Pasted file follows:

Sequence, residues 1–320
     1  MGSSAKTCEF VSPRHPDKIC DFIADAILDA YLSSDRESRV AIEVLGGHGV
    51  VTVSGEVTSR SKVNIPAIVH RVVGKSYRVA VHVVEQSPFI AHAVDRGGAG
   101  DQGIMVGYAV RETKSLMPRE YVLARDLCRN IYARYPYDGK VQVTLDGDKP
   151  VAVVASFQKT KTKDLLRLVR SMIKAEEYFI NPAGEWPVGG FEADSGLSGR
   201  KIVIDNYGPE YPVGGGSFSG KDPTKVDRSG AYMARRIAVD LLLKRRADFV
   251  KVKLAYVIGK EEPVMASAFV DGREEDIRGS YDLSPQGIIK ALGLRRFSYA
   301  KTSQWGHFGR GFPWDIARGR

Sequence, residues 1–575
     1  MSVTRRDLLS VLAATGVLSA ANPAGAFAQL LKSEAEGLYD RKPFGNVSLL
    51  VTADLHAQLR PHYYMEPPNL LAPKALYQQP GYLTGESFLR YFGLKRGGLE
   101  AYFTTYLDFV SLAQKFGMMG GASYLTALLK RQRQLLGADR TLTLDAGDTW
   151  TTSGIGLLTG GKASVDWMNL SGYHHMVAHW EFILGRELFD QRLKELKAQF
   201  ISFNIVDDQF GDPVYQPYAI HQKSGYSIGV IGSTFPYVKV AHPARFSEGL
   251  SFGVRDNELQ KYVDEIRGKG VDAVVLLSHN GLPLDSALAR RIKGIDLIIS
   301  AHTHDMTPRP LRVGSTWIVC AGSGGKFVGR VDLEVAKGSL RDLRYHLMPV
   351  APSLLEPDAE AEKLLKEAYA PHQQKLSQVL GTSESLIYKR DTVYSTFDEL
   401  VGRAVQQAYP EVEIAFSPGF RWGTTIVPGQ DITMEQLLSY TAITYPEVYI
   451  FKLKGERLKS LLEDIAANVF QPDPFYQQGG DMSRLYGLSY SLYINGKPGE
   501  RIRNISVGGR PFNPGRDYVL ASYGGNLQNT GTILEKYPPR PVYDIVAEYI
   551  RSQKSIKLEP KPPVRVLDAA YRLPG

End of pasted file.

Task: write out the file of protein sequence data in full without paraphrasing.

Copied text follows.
Sequence, residues 1–320
     1  MGSSAKTCEF VSPRHPDKIC DFIADAILDA YLSSDRESRV AIEVLGGHGV
    51  VTVSGEVTSR SKVNIPAIVH RVVGKSYRVA VHVVEQSPFI AHAVDRGGAG
   101  DQGIMVGYAV RETKSLMPRE YVLARDLCRN IYARYPYDGK VQVTLDGDKP
   151  VAVVASFQKT KTKDLLRLVR SMIKAEEYFI NPAGEWPVGG FEADSGLSGR
   201  KIVIDNYGPE YPVGGGSFSG KDPTKVDRSG AYMARRIAVD LLLKRRADFV
   251  KVKLAYVIGK EEPVMASAFV DGREEDIRGS YDLSPQGIIK ALGLRRFSYA
   301  KTSQWGHFGR GFPWDIARGR

Sequence, residues 1–575
     1  MSVTRRDLLS VLAATGVLSA ANPAGAFAQL LKSEAEGLYD RKPFGNVSLL
    51  VTADLHAQLR PHYYMEPPNL LAPKALYQQP GYLTGESFLR YFGLKRGGLE
   101  AYFTTYLDFV SLAQKFGMMG GASYLTALLK RQRQLLGADR TLTLDAGDTW
   151  TTSGIGLLTG GKASVDWMNL SGYHHMVAHW EFILGRELFD QRLKELKAQF
   201  ISFNIVDDQF GDPVYQPYAI HQKSGYSIGV IGSTFPYVKV AHPARFSEGL
   251  SFGVRDNELQ KYVDEIRGKG VDAVVLLSHN GLPLDSALAR RIKGIDLIIS
   301  AHTHDMTPRP LRVGSTWIVC AGSGGKFVGR VDLEVAKGSL RDLRYHLMPV
   351  APSLLEPDAE AEKLLKEAYA PHQQKLSQVL GTSESLIYKR DTVYSTFDEL
   401  VGRAVQQAYP EVEIAFSPGF RWGTTIVPGQ DITMEQLLSY TAITYPEVYI
   451  FKLKGERLKS LLEDIAANVF QPDPFYQQGG DMSRLYGLSY SLYINGKPGE
   501  RIRNISVGGR PFNPGRDYVL ASYGGNLQNT GTILEKYPPR PVYDIVAEYI
   551  RSQKSIKLEP KPPVRVLDAA YRLPG